On the title of the album: I was travelling a lot when making that album. I thought about how I had these almost instant relationships with people and the one thing that I always talked about was the weather. It is this general, ritualistic topic where you do not have to reveal too much of yourself but you are connecting in this common way. That was something I wanted to express and a big part of the music is giving something to someone and not just telling about my pain or something that is going on in my personal life. I feel like travelling and playing music and my upbringing make me a very privileged person. I work hard for it but there are a lot of people out there who don’t have that privilege.
So, that’s what I wanted as a part of the music.
I also enjoy telling a story and using just pictorial snapshots which are almost like a list. As in, you are walking down the street and see a guy, planting flowers and you keep going and something goes by and then you watch the river…it is like these pictorial lists that I piece together to tell stories.
Question: Would you tell us a bit about the album and its songs?
Way Out Weather
The weather has really affected my life seriously. There were all these storms and the weather patterns had been changing. I did not want an overly “Global Warming” record. I wanted the record title to have a double meaning. It had to do with the anxiety of everyday life and the fact that global warming does affect everyone. The other meaning was about relating to people. Also, the song speaks about personal anxiety and hope. So I try to tie that together.
Wildwood is a location in New Jersey, it’s a shore and it’s still there and my family goes there. The song is not specifically on the location but I wrote it there, sitting on the beach. I wrote it very quickly, in real time almost. It has a personal context. I used to go there quite a bit as a kid, it was my summer holiday. I went back their as an adult with my family and I was just reflecting on where I was in my life. And also on the environment of that area, how much it changed. When I was young I would dream about going there. Now it is not the last place I would want to be but I would not desire to go there. I travelled so much and have seen so much of the world. I feel I am more sophisticated now.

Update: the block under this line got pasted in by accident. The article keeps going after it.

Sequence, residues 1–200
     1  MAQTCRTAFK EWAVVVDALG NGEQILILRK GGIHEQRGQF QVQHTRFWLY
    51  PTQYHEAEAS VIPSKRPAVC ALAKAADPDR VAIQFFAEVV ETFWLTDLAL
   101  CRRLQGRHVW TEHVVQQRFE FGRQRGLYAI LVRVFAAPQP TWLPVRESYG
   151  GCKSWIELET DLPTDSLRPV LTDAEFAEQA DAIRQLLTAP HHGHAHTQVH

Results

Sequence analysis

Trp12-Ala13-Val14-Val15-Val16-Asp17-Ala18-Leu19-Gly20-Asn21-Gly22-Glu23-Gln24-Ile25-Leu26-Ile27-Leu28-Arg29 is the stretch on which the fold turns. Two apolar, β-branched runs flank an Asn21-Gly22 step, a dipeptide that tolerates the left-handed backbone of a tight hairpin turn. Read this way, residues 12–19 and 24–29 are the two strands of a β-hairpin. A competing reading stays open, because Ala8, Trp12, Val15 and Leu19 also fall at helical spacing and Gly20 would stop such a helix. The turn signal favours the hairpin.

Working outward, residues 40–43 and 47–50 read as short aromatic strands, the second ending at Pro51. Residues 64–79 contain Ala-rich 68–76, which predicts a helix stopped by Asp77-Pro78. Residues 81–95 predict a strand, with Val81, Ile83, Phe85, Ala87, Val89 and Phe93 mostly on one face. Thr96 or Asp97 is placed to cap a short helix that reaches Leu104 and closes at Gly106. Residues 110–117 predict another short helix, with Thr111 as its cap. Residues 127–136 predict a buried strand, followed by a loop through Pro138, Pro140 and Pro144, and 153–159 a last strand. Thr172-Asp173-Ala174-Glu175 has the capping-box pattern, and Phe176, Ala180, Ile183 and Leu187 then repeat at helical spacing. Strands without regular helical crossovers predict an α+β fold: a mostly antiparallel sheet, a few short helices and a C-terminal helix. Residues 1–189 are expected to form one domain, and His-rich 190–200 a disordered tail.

I was living in a small apartment in Brooklyn for a long time and had a neighbour who was a very religious person. She was very disruptive and loud. She had this secret life that I was exposed to because my back window was close to hers. She would scream at her family and watch evangelists on television. She was very obsessed with religion and she was sort of evil. The garden aspect was that the apartment building and a lot of buildings have that, especially in New York, back alley where nobody goes. She lived at the ground level and decided to take that space, put her shrine there, leave the dogs out there all day and her grandchildren would scream about and she’d scream back. When the weather was nice, it was just a constant disruption. I confronted her about it and she was really mean and surprised about it, as she had been very friendly to me. I am much younger than her, so she did not expect me to come forward with a serious conversation but I was very serious. So, this did not work and I decided to just forget it and wrote the song pretty much out of frustration.
It has a deeper meaning. I like observing people, taking the characters, thinking about them, writing about them. My interpretation of her character gets put on a bigger level. And that’s how that song came about.
It was another observational song. In my neighbourhood in Brooklyn, there were these twin brothers, older gentleman. They live in probably the most expensive real estate, Brooklyn Heights. They dress in identical white outfits and wear goggles and walk around and collect odds and ends from the neighbourhood and bring them back into their house. I imagine they have quite a bit of stuff in their place. They maintain this certain radius in the neighbourhood. I got pretty fascinated with them. Just seeing them around, I was always very curious as to who they were and what their story was. There seems to be a classical condition called “hoarding” and I was reading up on that. There were two brothers who lived up in Harlem in the 20s and 30s, coming from a wealthy family. But they grew old together, lived together and had their enormous house full of stuff. So it is about those brothers and the other brothers and also about how people go unrecognised in your neighbourhood. Everyone is so busy with their lives and the hustle in the city and just focussing on where they are going and not taking a step back and looking around and seeing who is really present in their environment.